WHEN George Floyd’s murder was captured on camera and broadcast across the world the reaction was not only to his own torturous suffocation under the knee of a police officer and the other officers who were complicit. The reaction was a global shudder that reached across 300 years of slavery and its consequences.
We witnessed a rising up against not only a modern state’s actions but against the treatment of people of colour across the globe since white Europeans took to the seas with their flags and their ‘commerce’. Black Lives Matter spoke to the legacy of colonialism in an unprecedented way. George Floyd was not an individual, and his murder not a single act. The taking of George Floyd’s life was the legacy of the murderous raids on Western African nations and the enslavement of millions of people.

Because of the work of outstanding scholars like Angela Davis and Shashi Tharoor we recognise the structural legacies of slavery and colonialism, and how we cannot separate our present from our past.
There has been an historical awakening as a result of this scholarship and the activism of Black Lives Matter that shift our understanding and make us question modern surroundings that are framed by this criminality. This new engagement with history, which includes the mechanics of empire and its effects, makes visible colonialism’s victims. And once we know, we can never go back to the reductionist days of the invisibility of lives discarded in pursuit of the wealth of the few.
We in England’s oldest colony know about the legacies of colonialism. We live in a city with walls that divide us with our consent. Our invisible border was imposed through pogrom, murder and a sectarian head count. Brexit highlights how ridiculous yet how effective that dividing line remains. Thousands of citizens live without the dignity of truth let alone justice for British state and state-sponsored killings. When we apply the lens of empire and colony to our modern reality, we recognise our present is connected to our past in our modern lived lives.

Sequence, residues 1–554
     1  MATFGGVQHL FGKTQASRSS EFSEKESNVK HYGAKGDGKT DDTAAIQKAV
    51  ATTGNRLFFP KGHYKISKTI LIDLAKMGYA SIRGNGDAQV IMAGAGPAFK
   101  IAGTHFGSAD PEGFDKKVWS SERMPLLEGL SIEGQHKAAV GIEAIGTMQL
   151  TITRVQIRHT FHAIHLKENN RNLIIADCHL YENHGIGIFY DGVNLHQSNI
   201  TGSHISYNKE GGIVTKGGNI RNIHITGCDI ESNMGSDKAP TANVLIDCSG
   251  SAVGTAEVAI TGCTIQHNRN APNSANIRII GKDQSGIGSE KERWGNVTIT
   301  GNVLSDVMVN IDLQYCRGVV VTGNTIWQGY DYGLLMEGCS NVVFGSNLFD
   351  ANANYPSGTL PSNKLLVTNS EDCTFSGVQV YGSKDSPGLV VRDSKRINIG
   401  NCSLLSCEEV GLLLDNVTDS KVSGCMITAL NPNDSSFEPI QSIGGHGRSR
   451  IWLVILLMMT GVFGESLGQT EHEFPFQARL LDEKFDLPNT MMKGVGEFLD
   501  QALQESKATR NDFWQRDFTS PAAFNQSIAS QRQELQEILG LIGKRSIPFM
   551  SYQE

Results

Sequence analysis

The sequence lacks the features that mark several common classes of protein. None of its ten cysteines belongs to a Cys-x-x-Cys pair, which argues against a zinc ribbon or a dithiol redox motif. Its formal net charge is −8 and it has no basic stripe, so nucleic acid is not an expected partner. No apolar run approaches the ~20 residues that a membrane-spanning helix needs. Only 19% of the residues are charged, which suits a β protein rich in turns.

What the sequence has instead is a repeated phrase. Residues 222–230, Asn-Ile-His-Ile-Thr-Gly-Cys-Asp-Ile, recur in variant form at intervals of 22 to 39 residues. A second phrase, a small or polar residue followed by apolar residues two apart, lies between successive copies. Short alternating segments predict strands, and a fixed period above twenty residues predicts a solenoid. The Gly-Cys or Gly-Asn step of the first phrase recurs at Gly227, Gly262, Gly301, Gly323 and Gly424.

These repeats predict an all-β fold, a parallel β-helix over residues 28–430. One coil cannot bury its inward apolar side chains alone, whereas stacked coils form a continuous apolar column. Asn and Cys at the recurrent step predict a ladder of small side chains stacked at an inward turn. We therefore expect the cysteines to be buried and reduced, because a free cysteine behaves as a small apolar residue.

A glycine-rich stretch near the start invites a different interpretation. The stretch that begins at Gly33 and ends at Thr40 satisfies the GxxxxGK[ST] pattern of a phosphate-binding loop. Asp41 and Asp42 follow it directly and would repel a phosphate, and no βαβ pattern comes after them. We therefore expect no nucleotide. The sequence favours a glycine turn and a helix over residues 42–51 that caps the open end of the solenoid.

Britain’s empire, which once occupied a third of the globe’s land mass, was the most successful land-grabbing, enslaving and misery-inducing of all the colonising nations’ machines. Britain industrialised enslavement and forced labour and the result was immense wealth which even today we cannot comprehend. All those big houses, vast estates and expansive civic buildings?
All the result of the wealth created by empire.

Modern medals of empire are part of the denial of that criminality. It is a denial of the ripping of children from their parents, the murder of grandparents, the sacking of vast lands, the deliberate impoverishment of populations, the modern-day denial of truth, liberty and justice. And that is just in Ireland.
Twice a year the British establishment pretends to the world that membership of an Order of Empire is something to be proud of rather than to challenge. A complicit media extolls the virtues of recipients rather than ask about the very nature of a so called ‘honours system’.
If the British state truly wishes to recognise the contribution of the civic world to the enrichment of society, then it must remove the titular expression Empire from its lexicon. It would perhaps be a beginning of a reconciliation with its shameful past, replacing its current perpetuation.